Journal Entry 4/22: I'm having a good time, by the way. I like the social aspects, I like the physical requirements, I like the alone time, and I like the freedom. I've never been more free in how I make day-to-day decisions. I wake up when I want, and start my day generally without any idea where I'll sleep. I can take long breaks or short ones, sleep in a shelter or in my tent, take a zero or do 25 miles, but no matter what I do, there will be nobody to tell my I can't or shouldn't.

Journal Entry 4/26: Yesterday I learned you can stand inside a sunset. I climbed Roan Mountain in the evening in a cloud. As I looked ahead I saw that the usual gray fog now shone a bright pink, the color of a sunset on the horizon, but here it was all around me. Walking in a cloud is nothing unusual. Fog has enveloped the mountains for the past few days. The mist can look and feel as heavy as an ocean.

4/26 cont.: I've developed a newfound respect for robins. I never thought about them much, but one day, maybe two weeks ago, I saw a particularly magnificent bird that changed my perception. As I trudged along, I looked up to see a robin perched on a fallen limb. He looked out over a large valley with the posture of a king who surveys his kingdom. I couldn't help but by surprised — I've never seen a robin look so proud.

Journal Entry 4/30: Crossed Watauga Dam yesterday, will hit Damascus in two days.

Books I've read on the A.T.

"The Essential Emily Dickinson" by Emily Dickinson

"Meateater: Adventures From the Life of an American Hunter" by Steven Rinella

"Raiders: The Story of the Greatest Fan Film Ever Made" by Alan Eisenberg

"Coyote America: A Natural and Supernatural History" by Dan Flores

"A People's History of the United States" by Howard Zinn

10 Things I'm More Afraid of than Bears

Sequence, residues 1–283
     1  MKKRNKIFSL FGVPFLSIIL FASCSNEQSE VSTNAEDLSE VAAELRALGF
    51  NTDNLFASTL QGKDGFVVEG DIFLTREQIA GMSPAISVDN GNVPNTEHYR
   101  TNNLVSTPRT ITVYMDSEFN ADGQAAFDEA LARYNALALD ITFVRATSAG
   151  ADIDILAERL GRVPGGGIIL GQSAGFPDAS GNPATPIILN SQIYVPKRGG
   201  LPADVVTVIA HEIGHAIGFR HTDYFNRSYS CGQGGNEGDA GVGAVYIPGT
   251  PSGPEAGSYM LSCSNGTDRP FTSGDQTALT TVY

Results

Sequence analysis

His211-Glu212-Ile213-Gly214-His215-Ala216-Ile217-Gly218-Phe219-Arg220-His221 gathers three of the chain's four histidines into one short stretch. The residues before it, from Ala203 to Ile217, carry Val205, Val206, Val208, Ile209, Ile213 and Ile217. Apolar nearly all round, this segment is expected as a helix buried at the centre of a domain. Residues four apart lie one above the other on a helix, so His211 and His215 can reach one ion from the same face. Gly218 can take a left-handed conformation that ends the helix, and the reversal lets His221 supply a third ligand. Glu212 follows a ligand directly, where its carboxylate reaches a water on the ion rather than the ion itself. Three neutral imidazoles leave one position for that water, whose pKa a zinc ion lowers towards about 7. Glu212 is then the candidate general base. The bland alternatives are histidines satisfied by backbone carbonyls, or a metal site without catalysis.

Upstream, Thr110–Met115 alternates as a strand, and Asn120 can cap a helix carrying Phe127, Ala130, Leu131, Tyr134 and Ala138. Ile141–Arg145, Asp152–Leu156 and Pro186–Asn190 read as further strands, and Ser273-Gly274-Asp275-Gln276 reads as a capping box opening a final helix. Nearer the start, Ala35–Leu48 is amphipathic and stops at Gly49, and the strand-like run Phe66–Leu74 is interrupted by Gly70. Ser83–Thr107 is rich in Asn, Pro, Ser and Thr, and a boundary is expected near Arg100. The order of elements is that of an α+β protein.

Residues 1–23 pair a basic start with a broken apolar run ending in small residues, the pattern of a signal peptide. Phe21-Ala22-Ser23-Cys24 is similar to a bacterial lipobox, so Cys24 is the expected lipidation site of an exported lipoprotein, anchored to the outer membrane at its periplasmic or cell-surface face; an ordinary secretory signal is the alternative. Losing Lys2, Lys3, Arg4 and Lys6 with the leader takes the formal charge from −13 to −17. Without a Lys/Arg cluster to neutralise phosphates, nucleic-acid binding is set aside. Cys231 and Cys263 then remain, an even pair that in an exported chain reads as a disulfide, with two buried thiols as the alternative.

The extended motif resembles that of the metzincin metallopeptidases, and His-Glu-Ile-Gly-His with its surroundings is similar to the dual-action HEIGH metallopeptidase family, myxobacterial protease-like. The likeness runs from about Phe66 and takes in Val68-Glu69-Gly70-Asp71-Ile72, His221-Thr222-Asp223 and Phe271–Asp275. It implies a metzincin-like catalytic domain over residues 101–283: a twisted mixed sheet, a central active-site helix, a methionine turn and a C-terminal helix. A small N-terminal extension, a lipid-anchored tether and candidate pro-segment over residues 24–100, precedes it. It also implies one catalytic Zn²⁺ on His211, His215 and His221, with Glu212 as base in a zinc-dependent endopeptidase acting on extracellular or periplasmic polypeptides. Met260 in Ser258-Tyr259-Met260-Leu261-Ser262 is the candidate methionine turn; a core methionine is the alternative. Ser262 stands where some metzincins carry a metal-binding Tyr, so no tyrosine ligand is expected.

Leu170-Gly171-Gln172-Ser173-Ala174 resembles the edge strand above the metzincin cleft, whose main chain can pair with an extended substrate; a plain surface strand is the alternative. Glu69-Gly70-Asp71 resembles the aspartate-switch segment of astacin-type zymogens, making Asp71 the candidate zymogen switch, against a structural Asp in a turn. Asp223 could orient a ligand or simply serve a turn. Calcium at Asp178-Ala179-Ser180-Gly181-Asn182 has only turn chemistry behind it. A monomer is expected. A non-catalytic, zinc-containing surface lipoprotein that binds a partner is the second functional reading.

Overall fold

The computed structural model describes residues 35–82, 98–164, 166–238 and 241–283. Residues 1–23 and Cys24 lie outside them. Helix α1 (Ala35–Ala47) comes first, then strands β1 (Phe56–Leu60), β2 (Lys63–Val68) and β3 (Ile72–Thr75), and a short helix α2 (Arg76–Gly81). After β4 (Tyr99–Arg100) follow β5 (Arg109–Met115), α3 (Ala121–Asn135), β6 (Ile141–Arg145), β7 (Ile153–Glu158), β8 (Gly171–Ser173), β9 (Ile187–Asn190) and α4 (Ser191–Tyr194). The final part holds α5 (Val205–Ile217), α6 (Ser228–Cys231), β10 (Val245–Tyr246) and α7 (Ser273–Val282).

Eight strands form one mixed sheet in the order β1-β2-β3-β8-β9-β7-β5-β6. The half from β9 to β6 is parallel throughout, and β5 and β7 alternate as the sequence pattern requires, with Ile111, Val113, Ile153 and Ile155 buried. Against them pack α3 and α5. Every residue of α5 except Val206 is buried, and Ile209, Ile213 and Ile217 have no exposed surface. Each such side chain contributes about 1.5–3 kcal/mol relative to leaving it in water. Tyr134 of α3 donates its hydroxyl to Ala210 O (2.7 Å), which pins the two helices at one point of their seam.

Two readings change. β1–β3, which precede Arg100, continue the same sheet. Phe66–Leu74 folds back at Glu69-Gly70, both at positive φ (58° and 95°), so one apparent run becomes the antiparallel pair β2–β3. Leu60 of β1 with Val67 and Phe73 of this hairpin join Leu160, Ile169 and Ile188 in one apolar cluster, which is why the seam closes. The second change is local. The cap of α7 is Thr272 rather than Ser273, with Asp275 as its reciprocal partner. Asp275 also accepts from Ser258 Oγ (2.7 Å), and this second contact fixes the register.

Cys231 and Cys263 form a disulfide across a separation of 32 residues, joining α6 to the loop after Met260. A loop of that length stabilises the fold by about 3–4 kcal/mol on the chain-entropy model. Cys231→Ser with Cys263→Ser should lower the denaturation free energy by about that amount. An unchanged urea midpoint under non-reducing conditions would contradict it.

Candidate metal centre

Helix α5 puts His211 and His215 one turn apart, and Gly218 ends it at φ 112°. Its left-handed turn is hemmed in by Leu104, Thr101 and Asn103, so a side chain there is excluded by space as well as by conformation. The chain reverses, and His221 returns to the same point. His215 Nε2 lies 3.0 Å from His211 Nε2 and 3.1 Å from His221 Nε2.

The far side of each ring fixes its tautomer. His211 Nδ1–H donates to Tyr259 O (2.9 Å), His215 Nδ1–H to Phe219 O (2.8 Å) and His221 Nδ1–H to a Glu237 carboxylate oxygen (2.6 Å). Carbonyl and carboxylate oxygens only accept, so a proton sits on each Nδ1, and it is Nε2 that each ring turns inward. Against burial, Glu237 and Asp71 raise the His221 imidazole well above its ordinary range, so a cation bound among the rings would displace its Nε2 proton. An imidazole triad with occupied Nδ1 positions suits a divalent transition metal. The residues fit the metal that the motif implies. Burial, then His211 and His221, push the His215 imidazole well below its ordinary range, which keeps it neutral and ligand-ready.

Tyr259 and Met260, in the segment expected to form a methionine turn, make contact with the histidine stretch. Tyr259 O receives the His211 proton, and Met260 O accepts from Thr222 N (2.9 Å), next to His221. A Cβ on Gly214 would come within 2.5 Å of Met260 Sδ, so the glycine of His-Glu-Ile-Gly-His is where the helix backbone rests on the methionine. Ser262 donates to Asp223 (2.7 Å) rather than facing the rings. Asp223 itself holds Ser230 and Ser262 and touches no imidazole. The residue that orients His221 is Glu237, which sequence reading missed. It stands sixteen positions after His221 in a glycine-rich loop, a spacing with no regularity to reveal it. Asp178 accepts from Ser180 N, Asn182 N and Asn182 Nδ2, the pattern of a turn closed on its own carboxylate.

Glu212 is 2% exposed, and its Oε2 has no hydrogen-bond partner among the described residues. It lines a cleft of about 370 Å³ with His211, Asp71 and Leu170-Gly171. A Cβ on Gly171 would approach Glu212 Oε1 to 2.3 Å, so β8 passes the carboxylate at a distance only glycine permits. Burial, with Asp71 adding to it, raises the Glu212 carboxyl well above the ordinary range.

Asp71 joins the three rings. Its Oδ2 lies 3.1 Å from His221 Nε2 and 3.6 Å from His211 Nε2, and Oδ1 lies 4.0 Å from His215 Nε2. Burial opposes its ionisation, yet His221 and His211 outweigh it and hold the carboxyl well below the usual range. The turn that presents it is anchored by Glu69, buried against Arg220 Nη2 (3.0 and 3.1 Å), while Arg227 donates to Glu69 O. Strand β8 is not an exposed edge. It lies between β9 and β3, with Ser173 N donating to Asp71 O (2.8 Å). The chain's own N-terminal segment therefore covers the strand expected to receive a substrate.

1. Lighting

2. Lyme Disease

3. Giardia

4. Dehydration

5. Falling limbs and trees

6. Snakes (poisonous)

7. Being hit by a car

8. Hypothermia

9. Breaking a bone

10. Infection

Journal Entry 5/3: Bought a fishing license and tackle in Damascus. Went fishing during zero. Caught some little ones and one nice rainbow, but it flopped away on shore. Then today fished along A.T. and caught a nice 14" rainbow. Packed it in a Zip-lock and cooked in over the fire at the shelter. Put it in foil with butter, cayenne, and Cajun seasoning. It cooked perfectly, best on-trail meal yet.

Journal Entry 5/5: Wet, cold, tired.

Journal Entry 5/6: Slept in late due to conditions described above. Hiked into rain, which turned into hail, then back into rain. Finally it stopped. It was a cold, rainy day, but my spirits have improved since last night. Haven't had service in at least five days. Enjoying "People's History of the U.S."

Journal Entry 5/10: Sitting at a picnic table in front of a vacant shelter at sunset. A rare sight! Last night I noticed how many sounds happen all at once in the woods to create "its sound." Rain, a gurgling creek, insects and birds, plus wind and the mumblings of hikers, make for a sweet symphony. I wish I could bottle the noise and carry it with me. It's soothing — let's you know everything is all right in this little corner of the world. Violence, war and other terrible things seem so far away -- they almost seem impossible.

5/11: Watched a pool of water outside my tent rise higher and higher. Eventually had to go into the rain to dig a series of trenches to divert water away from my tent. It worked well for a trench dug with a rock. Here's to being dry.

5/11 cont.: One thing I've learned, or learned to appreciate, on the trail is how unimportant possessions are when it comes to happiness. People on the trail live with few material possessions and yet are mostly happy, content and generous. They aren't broke — they have enough money to afford a thru-hike — but my point is not to relate wealth to happiness. I'm referring to possessions themselves, the things that wealth allows us to purchase. The things we have, as long as basic needs are met, do not add up like a grocery bill where the person with the longest list wins. Relationships, feelings of fulfillment, peace of mind, these things help happiness along.

I'm now enjoying a week-long family vacation in South Carolina. I'll return to the trail May 20 to mile 608, more or less. With about a quarter of the trail done, I can say I'm ready and excited to see what's waiting for me up north. The trail has been insightful, exhausting, and an all-around good time. It may be a while before my next blog entry, but stay tuned! If you have any questions, feel free to comment on this post, email me, or call me. You can find my email and phone number on the contact page of this website. Below are some photos I've taken along the way. Happy Trails!